KH: In the valley, you are only as good as your last investment. There is an automatic gravitational pull towards success but you need to keep re-earning that success, because there is enough democratization in the system and with new entrepreneurs arriving in the valley everyday, you can quickly become irrelevant.

Given the importance placed on success and the metrics used to measure it (valuation), do you think the ecosystem in the valley is unduly influenced by mass opinion?

KH: I think there are cases of both. I have not seen the financials or other information for Jet.com but a lot of investors wrote it off and it had a US$ 3bn exit to Walmart. If an investor had truly assessed the company and found the unit economics unsound and passed it up, that is reasonable. But if you passed it up because everyone else disliked the business, then you potentially missed on a great deal. It is hard to go against the trend but it is very important to not just go with heresy.

If you could use all your network and resources towards solving one problem, what would it be?

KH: Brain Computing Interfaces (BCIs) are a very interesting area for me. Being able to communicate directly with a machine is quite incredible. Humans communicate at a very low rate of output and if we could capture all the thoughts that actually behind are behind what we speak, we would reach new heights. The challenges of recording a billion neurons are vast and there are a lot of interesting people working on this right now. There is quite a bit of research in the academic phase about using BCIs for stroke and Alzheimer’s patients as well.

So if you weren’t Kevin Hartz, how would you approach these researchers?

KH: We have something we call “Getting a Ph.D” at Eventbrite, which is getting really knowledgeable and smart about a particular topic. I would use a similar approach here. I would gain a lot of information and bring my particular skillsets, in this case commercializing technology, to the researchers.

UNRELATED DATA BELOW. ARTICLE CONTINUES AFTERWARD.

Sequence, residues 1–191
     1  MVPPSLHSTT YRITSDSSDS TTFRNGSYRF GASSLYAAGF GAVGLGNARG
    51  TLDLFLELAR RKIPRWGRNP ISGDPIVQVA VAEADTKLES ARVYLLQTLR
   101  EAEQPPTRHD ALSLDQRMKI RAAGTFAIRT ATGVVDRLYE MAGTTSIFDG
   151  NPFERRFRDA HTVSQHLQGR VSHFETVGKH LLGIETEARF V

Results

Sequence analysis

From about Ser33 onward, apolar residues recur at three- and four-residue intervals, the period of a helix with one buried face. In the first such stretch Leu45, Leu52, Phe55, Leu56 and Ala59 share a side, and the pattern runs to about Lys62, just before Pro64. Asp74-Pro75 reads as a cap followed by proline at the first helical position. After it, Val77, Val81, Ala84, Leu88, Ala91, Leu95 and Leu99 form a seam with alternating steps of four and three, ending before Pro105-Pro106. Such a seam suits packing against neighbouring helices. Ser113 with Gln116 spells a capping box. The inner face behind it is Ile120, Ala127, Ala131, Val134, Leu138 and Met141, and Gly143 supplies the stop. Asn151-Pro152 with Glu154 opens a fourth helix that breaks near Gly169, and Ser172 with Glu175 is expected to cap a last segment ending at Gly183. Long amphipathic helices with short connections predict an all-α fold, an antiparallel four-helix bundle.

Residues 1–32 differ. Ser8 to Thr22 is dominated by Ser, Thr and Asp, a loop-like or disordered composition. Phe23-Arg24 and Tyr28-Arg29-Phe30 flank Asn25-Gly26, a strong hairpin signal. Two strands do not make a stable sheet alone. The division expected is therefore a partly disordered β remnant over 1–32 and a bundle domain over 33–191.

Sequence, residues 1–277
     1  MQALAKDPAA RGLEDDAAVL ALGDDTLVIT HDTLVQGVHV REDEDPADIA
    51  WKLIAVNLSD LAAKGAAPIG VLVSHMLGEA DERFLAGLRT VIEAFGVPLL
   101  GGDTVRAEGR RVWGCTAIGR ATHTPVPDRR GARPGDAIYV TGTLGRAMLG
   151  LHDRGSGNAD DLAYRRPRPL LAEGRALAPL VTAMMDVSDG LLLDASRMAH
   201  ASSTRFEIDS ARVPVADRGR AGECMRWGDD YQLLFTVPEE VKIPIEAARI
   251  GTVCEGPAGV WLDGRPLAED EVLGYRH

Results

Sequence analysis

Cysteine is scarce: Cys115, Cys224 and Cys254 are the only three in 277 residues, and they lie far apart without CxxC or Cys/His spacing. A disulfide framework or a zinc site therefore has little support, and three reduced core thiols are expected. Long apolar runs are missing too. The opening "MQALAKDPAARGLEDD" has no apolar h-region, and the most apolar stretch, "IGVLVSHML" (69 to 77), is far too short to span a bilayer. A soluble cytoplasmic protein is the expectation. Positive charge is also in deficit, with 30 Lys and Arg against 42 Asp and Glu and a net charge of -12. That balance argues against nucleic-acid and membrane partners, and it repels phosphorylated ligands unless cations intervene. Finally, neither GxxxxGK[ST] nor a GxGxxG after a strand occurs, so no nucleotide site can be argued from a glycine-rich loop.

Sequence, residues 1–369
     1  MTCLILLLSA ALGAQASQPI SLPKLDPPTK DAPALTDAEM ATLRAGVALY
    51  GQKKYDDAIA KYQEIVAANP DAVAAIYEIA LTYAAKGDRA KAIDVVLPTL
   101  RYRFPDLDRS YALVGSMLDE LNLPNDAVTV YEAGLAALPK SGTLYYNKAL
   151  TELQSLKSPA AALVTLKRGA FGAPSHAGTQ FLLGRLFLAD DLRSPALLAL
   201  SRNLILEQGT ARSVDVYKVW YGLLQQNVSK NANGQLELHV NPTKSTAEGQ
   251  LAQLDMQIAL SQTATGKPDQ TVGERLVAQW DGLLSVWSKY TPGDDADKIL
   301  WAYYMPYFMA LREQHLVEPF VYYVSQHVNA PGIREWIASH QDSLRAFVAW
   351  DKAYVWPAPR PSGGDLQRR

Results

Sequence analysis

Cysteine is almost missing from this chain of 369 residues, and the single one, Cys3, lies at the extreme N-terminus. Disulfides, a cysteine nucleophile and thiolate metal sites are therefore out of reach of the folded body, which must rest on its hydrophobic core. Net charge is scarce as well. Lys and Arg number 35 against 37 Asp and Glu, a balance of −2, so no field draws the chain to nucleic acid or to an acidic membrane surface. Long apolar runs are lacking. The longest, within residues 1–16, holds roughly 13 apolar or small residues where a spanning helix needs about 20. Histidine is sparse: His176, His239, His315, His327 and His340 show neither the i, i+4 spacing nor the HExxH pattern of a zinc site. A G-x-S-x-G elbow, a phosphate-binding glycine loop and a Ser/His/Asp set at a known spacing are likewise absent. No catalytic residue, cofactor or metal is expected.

Most people who are passionate about their fields don’t get a lot of attention and they love to talk about their work and get a new perspective. One would be surprised by their responsiveness.

BCIs are indeed futuristic. You one mentioned that your superpower of choice is Time Travel – is it still the same? And when would you go to if you had this power?  

KH: Yes it does! And it depends – if you can come back to when you started, then going forward is extremely powerful. If not, then going backward would be very interesting. If I could do just one thing I would go back to try and fix some of the issues we should have fixed. I will experience the future in my own time

Given your curious mind, would you not want to see what life would be like a few hundred or thousand years down the line?

KH: While it would be interesting to jump forward a few thousand years as a thought experiment, going forward a few decades would give you more actionable goals to work on in the present. I am more interested in changing the present to create a better future.

huecu_auto_october-1What are your biggest concerns about the future? That we as civilized human beings should have fixed by now?

KH: Trend wise, it feels like there is a growing inequity. I think it is really pronounced in San Francisco. It is such an expensive place, to the extent that it is challenging for a well-educated engineer to live in a city like this. This mega city trend seems to be happening everywhere, an increasing disparity in wealth. Growth in recent years is slowing with great technology and paling in comparison to what we have seen in the past.

While there has never been a better time to bootstrap oneself up in certain aspects, the divisive scale has been expanding globally in others. This has historically ended very badly; take for instance the revolution in France or the rice of Fascism in post world war one Germany.

What excites me about the Silicon Valley is that we are working towards potentially solving it, but we need to be cognizant that we are on a short time frame.

It is interesting to hear you talk about these global problems, because people commonly hear allegations of the Valley being very inward looking? Do you think that is justified?

KH: Silicon Valley (the show) shows a humorous, satirical and sometimes bitingly real view of the Valley – there are a lot of crazy things that happen here. On the flip side, the products are getting out there as well, with certain companies (like Facebook) connecting people across the globe on an unprecedented level.

This is just a personal opinion, but comparing valuations, wealth etc. creates a very competitive environment and places a lot of stress on individuals. This is just a cautionary warning for everyone to remember that this is not a zero sum game. Our focus is in trying to create a positive impact on society, not striving for a larger house.